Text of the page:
ANDY PARK: The General Manager of TikTok in Australia and New Zealand Lee Hunter spoke to RN this morning. Take a listen to what he said when he was asked whether TikTok was a security risk for the 3 million Australians that use it.
ANDY PARK: Now, Lee Hunter says data is stored on servers in the US and Singapore, and would never be shared with Chinese authorities. Do you think he’s telling the truth there?
KAREN ANDREWS: Well, I think there’s been various media reports that indicate that there is evidence that that information has passed through Chinese servers anyway. So I think while there may well be conflicting views, there is significant evidence that TikTok is a potential security risk to Australia. In the case of government ministers, government staff, it’s very important, I believe, that there is a ban immediately now put in place.
ANDY PARK: Just out of interest, do you think the US or Singaporean governments are more trustworthy in terms of storing Australian data. Is there any suggestion those servers would be more secure.
KAREN ANDREWS: Look, again, there’s a range of views on that, we would be at a greater level of comfort with servers in the United States, our priority of course should always be to make sure servers are within Australia. That is very important, but it’s not always practical. We accept that we would look to our Five Eyes nations. And in saying that, I don’t want to be publicly criticizing any servers in Singapore for an example. And if we are talking about TikTok, we know that there has been servers in China that have been identified in relation to TikTok, but our priority should be to look at what servers we can have in Australia and use that as much as we possibly can.
ANDY PARK: My guest is Shadow Home Affairs Minister Karen Andrews, you’re with Andy Park on ABC RN Drive. Home Affairs Minister Clare O’Neil plans to make ASIO the central hub for top security clearances if plans to amend laws are passed. Is that something the Coalition will support?
KAREN ANDREWS: Well, when we were in government, we actually started doing that work in any event, and you could look back to the end of 2021 when we started to look at the establishment of those capabilities within ASIO. And I think if you actually look particularly at the second reading speeches, or the second reading speech that was made by the minister, identifies in fact that that capability was established previously. Look, I will continue to work positively out our national security vetting system is particularly important. I have a great deal of confidence in ASIO and their capabilities be able to do that. I’m very keen to work with the government so that we get an efficient outcome and make sure that these clearances are put in place in an appropriate and timely manner while making sure that there are no shortcuts where national security is concerned.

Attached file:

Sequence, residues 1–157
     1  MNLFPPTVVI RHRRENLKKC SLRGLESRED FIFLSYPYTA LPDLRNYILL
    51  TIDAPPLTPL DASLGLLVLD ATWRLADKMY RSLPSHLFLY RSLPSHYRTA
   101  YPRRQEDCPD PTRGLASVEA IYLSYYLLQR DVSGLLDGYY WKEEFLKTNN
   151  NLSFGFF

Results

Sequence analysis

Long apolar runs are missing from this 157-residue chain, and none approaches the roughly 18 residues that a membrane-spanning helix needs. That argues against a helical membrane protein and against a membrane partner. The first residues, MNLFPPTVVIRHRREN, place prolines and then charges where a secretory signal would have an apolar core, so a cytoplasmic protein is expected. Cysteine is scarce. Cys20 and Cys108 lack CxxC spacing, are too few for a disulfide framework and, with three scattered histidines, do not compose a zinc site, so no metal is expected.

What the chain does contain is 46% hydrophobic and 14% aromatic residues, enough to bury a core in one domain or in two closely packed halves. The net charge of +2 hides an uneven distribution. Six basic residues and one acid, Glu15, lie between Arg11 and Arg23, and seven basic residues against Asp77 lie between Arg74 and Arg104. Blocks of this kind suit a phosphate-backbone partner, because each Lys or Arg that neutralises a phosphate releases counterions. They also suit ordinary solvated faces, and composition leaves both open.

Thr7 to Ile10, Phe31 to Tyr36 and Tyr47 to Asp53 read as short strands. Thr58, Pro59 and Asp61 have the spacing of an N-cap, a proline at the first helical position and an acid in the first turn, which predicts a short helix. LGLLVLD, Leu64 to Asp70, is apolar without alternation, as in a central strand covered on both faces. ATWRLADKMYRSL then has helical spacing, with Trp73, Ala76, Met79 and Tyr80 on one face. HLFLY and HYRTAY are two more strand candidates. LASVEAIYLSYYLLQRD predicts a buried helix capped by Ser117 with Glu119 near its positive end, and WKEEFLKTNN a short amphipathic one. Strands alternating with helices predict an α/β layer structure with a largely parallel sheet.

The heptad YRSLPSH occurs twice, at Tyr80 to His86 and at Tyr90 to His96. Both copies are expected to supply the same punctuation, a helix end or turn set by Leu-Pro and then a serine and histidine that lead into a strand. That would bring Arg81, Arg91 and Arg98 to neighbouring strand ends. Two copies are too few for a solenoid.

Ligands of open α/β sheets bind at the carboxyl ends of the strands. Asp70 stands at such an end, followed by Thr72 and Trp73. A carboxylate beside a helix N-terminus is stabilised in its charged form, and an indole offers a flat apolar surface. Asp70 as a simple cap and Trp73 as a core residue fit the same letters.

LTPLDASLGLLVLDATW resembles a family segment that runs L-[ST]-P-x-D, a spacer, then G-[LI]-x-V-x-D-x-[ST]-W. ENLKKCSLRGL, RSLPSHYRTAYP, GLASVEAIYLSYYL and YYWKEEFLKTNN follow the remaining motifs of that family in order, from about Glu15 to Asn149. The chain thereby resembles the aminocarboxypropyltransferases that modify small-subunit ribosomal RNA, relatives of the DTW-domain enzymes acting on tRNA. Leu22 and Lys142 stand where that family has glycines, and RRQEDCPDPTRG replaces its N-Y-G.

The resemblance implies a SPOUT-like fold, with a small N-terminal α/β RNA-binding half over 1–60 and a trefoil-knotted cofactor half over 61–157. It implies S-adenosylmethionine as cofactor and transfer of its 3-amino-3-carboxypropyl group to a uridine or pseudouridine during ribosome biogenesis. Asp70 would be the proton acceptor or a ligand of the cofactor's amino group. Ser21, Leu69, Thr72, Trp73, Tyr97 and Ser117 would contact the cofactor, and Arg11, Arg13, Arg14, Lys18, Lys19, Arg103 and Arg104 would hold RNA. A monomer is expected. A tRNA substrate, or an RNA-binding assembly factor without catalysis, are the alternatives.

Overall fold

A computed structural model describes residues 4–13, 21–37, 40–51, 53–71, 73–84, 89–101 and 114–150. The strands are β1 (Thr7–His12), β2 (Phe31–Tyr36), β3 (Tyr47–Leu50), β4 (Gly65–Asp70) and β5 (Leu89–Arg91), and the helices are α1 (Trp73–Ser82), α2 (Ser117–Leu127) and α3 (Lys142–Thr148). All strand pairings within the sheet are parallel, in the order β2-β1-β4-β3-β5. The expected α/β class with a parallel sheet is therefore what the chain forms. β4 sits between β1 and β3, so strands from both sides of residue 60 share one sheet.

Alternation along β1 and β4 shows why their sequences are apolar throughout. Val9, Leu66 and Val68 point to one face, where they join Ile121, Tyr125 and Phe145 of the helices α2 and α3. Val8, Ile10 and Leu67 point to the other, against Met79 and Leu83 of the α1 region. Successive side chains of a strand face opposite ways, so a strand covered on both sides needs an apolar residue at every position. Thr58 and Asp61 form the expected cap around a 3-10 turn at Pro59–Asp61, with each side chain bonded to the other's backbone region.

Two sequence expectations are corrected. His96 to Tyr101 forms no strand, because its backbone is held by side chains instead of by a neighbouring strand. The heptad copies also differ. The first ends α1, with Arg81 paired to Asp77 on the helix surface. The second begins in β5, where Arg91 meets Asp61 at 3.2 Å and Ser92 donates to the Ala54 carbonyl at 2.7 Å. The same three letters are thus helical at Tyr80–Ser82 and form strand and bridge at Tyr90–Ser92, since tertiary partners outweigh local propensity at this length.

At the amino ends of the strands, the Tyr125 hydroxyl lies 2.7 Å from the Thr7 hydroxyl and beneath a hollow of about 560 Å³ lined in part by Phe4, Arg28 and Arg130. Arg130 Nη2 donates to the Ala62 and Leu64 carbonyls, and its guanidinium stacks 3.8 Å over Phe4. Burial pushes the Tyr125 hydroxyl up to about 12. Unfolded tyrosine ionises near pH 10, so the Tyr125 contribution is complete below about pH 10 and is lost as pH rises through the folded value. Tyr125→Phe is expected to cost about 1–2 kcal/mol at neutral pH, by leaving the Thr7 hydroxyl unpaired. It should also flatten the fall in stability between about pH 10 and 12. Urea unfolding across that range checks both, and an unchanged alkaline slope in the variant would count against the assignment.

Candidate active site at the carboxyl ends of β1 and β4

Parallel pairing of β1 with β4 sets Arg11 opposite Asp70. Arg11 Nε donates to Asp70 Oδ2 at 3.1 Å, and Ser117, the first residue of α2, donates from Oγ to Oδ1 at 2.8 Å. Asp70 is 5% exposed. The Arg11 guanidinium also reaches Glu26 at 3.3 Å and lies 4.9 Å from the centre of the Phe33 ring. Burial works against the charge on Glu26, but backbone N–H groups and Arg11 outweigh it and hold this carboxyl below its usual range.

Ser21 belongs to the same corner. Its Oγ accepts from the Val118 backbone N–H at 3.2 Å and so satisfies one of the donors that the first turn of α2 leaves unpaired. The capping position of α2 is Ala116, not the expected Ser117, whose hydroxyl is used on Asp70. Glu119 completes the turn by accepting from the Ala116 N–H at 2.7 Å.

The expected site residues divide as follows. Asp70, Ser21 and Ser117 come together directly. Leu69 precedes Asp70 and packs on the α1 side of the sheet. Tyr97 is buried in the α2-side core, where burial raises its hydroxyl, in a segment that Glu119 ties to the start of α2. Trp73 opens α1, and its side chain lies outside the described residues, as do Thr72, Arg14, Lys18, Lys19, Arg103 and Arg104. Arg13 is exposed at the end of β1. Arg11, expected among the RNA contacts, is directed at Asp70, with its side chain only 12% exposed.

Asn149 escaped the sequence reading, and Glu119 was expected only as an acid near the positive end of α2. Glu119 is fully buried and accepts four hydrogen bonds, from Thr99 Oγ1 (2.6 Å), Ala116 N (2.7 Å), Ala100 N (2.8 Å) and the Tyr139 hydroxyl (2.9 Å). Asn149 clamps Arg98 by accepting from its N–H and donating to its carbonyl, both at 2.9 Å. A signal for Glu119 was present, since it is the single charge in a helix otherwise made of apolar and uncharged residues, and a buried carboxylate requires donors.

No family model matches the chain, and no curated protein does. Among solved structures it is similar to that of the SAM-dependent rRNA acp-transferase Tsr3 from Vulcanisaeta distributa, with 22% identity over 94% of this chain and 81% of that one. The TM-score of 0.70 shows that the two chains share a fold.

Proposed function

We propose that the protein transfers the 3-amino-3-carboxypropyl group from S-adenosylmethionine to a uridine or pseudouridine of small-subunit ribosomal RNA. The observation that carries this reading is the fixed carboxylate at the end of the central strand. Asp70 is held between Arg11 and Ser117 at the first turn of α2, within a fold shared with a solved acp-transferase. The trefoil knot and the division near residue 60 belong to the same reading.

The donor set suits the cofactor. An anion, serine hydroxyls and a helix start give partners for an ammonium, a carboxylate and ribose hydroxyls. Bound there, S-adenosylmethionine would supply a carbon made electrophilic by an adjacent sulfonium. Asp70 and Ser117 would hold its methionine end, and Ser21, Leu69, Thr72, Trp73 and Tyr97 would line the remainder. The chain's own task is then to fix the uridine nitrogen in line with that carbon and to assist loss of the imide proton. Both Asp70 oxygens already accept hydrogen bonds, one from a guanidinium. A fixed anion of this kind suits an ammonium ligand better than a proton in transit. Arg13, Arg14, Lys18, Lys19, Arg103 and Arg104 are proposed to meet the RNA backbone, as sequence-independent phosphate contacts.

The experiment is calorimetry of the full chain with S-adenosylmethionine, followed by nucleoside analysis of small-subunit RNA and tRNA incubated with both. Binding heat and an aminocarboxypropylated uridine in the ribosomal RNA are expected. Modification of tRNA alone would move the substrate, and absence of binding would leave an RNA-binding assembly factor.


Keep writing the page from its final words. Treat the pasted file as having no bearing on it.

ANDY PARK: Do you have any concerns over Labor’s plans to digitise the Medicare card. Are you worried it leaves it vulnerable to hackers?
KAREN ANDREWS: Well, I’ll be very interested to understand more about what the government has put in place to protect the data of Australians. Now, the Coalition always did take our national security, cyber security particularly seriously – the protection of data was a very serious issue for us as well, and I think it’s really incumbent on the current government to make sure that the Australian people understand that the data that they have on government apps and that they put into government websites is going to be well protected.
ANDY PARK: Just on another matter, Karen Andrews, obviously in the news today the Constitution alteration bill for a voice to Parliament has been introduced I the lower house. It’ll be referred to a joint Parliamentary committee to be examined in full. What do you want to see before you make a decision on how you’re going to vote?